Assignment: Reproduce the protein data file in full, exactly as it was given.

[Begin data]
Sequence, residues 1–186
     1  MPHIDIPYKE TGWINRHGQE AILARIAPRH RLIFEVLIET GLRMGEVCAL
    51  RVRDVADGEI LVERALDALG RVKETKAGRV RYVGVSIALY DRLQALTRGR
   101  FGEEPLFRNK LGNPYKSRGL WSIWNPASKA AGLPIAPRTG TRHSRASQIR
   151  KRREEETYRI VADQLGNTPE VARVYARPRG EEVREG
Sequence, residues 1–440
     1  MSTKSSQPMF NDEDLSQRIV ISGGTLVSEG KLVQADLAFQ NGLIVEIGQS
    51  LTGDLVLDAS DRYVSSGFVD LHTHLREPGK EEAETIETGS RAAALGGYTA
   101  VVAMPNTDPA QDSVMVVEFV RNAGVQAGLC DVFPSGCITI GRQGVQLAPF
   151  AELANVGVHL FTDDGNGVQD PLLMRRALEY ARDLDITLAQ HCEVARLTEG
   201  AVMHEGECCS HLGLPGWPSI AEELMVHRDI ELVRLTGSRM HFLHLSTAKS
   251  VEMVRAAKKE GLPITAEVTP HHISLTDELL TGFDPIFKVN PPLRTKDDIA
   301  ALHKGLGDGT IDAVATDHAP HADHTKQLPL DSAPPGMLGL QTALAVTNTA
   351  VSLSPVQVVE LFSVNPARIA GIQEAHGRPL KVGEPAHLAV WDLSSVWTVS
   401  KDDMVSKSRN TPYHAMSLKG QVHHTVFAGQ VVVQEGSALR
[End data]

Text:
Sequence, residues 1–186
     1  MPHIDIPYKE TGWINRHGQE AILARIAPRH RLIFEVLIET GLRMGEVCAL
    51  RVRDVADGEI LVERALDALG RVKETKAGRV RYVGVSIALY DRLQALTRGR
   101  FGEEPLFRNK LGNPYKSRGL WSIWNPASKA AGLPIAPRTG TRHSRASQIR
   151  KRREEETYRI VADQLGNTPE VARVYARPRG EEVREG
Sequence, residues 1–440
     1  MSTKSSQPMF NDEDLSQRIV ISGGTLVSEG KLVQADLAFQ NGLIVEIGQS
    51  LTGDLVLDAS DRYVSSGFVD LHTHLREPGK EEAETIETGS RAAALGGYTA
   101  VVAMPNTDPA QDSVMVVEFV RNAGVQAGLC DVFPSGCITI GRQGVQLAPF
   151  AELANVGVHL FTDDGNGVQD PLLMRRALEY ARDLDITLAQ HCEVARLTEG
   201  AVMHEGECCS HLGLPGWPSI AEELMVHRDI ELVRLTGSRM HFLHLSTAKS
   251  VEMVRAAKKE GLPITAEVTP HHISLTDELL TGFDPIFKVN PPLRTKDDIA
   301  ALHKGLGDGT IDAVATDHAP HADHTKQLPL DSAPPGMLGL QTALAVTNTA
   351  VSLSPVQVVE LFSVNPARIA GIQEAHGRPL KVGEPAHLAV WDLSSVWTVS
   401  KDDMVSKSRN TPYHAMSLKG QVHHTVFAGQ VVVQEGSALR